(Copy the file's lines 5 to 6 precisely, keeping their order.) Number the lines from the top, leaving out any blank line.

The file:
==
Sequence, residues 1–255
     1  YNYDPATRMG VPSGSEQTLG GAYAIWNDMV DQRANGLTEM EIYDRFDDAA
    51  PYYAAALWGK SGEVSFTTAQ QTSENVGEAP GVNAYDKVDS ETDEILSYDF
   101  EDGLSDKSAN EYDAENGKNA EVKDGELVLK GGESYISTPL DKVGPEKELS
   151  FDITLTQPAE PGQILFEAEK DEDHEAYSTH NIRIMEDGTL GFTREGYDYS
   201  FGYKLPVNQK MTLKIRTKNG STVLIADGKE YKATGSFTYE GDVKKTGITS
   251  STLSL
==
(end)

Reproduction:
   151  FDITLTQPAE PGQILFEAEK DEDHEAYSTH NIRIMEDGTL GFTREGYDYS
   201  FGYKLPVNQK MTLKIRTKNG STVLIADGKE YKATGSFTYE GDVKKTGITS